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Ann Goldstein: Children’s Rainforest Garden

The Ann Goldstein’s Children’s Rainforest Garden opened in November, 2013 at Selby Gardens, it ushered in a new era in ways for the Garden to connect and build relationships with and among children and families. Open daily during regular hours (10 am to 5 pm), the children’s rainforest offers a delightful, natural space for discovery, exploration, learning and PLAY!

Moreton Bay Fig Tree

The Banyan Tree  is 100 years old and the centerpiece of the Children’s Rainforest Garden. Under this magnificent tree’s branches, a shaded deck provides a place for parents to sit and socialize or to depart with their family for adventures in the rainforest. Restricting visitors to a single entry/exit assures parents that no child can enter or exit the Children’s Rainforest Garden without parental supervision. Children may freely explore, play, come and go within the garden at their own rhythm.


Rainforest Garden Waterfall

The Waterfall is 12’ in height and cascades down a rock face covered with lush plantings, adding the splash and gurgle of rushing water to the rainforest soundscape and creating a delicate mist that enhances the rainforest ambience. The waterfall nearby forest pool provide opportunities to educate visitors about the water cycle.


Waterfall in Rainforest Garden

The Forest Pool is located just beside the entry plaza—1,000 sq. ft. and holds 27,000 gallons of water. The stream flowing from the waterfall continuously refreshes this shallow body of water, a cool place to contemplate the majesty of the rainforest environment. The pool is planted with aquatic rainforest plants and is an excellent chance to explore the relationships between water, plants, and ecosystems.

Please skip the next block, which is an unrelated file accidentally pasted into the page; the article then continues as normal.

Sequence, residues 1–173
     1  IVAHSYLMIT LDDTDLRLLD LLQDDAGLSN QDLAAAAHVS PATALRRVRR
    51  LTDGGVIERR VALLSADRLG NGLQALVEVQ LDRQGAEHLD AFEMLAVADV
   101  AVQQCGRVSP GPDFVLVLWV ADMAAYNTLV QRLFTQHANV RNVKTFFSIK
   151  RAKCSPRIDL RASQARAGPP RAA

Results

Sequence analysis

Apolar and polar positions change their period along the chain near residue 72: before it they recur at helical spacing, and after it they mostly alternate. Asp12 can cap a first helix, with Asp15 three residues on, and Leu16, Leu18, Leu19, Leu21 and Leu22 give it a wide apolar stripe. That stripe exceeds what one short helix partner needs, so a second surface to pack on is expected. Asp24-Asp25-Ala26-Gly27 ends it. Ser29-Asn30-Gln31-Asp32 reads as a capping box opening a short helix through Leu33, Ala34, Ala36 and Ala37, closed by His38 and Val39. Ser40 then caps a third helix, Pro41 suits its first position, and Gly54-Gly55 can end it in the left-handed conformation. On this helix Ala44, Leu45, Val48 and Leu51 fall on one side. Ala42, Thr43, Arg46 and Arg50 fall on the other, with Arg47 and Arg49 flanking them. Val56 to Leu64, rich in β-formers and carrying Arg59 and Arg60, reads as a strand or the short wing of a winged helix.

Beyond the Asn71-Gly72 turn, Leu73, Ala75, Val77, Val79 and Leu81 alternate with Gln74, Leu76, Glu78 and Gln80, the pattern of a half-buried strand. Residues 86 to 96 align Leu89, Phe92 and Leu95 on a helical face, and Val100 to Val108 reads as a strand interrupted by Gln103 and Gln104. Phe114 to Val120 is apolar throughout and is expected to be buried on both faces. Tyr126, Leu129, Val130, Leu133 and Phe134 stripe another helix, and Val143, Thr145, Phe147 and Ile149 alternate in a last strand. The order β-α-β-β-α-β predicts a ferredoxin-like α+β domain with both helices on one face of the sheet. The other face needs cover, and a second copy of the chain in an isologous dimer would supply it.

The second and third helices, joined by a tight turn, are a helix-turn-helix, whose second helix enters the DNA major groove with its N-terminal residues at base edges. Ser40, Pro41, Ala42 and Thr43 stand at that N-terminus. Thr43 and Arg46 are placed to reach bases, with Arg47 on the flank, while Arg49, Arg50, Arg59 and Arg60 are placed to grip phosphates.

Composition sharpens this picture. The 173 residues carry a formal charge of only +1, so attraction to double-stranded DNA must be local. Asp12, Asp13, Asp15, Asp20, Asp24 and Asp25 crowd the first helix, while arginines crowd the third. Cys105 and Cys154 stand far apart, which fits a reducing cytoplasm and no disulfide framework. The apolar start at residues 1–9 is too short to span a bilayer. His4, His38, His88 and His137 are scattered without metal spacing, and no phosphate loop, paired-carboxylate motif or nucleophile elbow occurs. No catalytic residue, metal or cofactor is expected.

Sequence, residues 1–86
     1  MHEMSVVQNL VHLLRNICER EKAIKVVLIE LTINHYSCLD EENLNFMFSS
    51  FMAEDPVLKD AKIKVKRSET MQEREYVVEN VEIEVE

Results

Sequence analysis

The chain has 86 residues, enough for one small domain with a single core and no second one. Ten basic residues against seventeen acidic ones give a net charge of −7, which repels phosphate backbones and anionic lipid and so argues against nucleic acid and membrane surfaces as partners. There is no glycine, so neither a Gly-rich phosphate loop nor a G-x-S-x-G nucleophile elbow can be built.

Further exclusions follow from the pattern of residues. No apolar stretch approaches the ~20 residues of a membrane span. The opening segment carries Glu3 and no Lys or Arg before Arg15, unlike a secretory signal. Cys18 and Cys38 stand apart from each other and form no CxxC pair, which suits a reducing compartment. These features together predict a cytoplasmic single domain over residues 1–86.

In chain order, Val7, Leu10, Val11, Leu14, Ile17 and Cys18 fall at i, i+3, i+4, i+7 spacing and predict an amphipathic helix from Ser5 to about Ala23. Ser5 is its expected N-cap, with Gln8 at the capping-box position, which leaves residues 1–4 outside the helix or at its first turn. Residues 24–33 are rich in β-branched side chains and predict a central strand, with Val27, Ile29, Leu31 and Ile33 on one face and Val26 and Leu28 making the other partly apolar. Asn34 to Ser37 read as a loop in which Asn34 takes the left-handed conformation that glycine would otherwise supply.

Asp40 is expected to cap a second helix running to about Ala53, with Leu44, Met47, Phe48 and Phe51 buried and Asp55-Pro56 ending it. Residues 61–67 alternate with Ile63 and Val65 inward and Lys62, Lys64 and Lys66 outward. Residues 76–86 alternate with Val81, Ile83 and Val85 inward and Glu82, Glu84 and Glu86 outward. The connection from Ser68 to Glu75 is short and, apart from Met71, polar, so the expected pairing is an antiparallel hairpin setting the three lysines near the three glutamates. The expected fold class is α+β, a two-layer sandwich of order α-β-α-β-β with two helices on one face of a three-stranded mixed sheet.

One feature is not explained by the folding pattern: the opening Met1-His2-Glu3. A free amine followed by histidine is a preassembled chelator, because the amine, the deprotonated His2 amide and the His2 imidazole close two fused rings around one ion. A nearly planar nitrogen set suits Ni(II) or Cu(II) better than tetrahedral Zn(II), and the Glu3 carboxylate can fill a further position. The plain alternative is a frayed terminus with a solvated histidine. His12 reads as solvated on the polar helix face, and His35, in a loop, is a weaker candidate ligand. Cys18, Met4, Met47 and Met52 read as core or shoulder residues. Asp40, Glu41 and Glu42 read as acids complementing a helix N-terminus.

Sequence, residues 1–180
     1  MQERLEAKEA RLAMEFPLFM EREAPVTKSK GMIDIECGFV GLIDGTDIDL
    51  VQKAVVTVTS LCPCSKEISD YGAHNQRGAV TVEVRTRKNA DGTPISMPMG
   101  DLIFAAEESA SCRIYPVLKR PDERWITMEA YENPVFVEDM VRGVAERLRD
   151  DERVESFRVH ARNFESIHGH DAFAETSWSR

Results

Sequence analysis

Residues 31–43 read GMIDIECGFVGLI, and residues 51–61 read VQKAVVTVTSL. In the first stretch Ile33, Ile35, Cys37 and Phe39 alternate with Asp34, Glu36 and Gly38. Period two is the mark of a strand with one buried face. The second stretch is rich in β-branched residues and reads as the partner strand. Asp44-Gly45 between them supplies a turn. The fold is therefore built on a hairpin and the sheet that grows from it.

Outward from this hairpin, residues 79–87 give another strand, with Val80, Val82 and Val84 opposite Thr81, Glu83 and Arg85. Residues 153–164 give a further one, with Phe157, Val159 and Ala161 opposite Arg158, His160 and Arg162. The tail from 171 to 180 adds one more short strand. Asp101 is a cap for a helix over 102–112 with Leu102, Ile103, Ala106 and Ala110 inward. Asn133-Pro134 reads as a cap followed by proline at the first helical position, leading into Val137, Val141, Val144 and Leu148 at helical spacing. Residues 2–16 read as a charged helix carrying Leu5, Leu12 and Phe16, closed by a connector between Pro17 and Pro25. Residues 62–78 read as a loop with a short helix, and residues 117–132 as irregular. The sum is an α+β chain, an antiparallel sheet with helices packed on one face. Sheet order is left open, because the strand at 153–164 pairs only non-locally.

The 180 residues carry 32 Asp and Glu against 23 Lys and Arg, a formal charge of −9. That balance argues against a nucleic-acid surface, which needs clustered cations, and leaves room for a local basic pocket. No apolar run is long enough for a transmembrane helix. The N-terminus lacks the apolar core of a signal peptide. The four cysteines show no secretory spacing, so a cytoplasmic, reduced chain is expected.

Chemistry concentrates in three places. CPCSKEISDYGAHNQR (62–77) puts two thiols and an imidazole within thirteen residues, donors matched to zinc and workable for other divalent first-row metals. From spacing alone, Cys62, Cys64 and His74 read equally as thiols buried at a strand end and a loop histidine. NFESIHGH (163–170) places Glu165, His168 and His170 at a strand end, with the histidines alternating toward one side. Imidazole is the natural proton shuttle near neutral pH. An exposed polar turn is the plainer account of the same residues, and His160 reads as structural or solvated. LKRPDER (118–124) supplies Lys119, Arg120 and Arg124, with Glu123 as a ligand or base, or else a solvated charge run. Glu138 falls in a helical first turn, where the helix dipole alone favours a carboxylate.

Children walking across bridge

The Canopy Walk and Rope Bridge are a place of (safe) risks that engage the body and mind in exploring the canopy layer while surrounded by the sights and sounds of the rainforest from 27’ above. This is a place to feel the wind and enjoy expansive vistas of the gardens beyond. The Moreton Bay Fig’s massive buttress roots and the aerial roots of the banyan trees are a natural entrée for introducing information about plant adaptations.


Amphitheater Classroom

The Amphitheatre and Village Shelter will welcome groups as they return to ground level. The Village Shelter is a rainforest classroom containing tables, benches and stands adjacent to the amphitheater and is used for direct instruction and small group experiences. Flexible seating can be used for eating or learning. The Amphitheatre is a stadium-style stage and seating area for special performances and presentations.


Child with Magnifying glass

The Research Station is built along the edge of the rainforest. It includes the Huts, three individual, circular structures with conical, thatch roofs, each hosting a different exhibit that expands guests’ knowledge and deepens their curiosity about life in a tropical rainforest.


frogs in Children's Rainforest Garden

 The Lawn  is the perfect spot for children to soar new heights on our swings and follow a trail that leads into the deepest and darkest part of the children’s rainforest. This is also the place to open visitors’ eyes to the origins and appearances of many common food plants, such as bananas, pineapple, papayas, and more.

Epiphyte canyon

The Epiphyte Canyon is a world of lush plantings and hidden treasures. Plants and rocks frame a winding corridor, immersing guests in the infinite richness of the rainforest environment. Children will enjoy hiding and playing in the caves, and visitors will be enchanted by new surprises at every turn. The Epiphyte Canyon offers an excellent chance for a discussion of the special adaptations of lithophytes (plants that grow on rocks).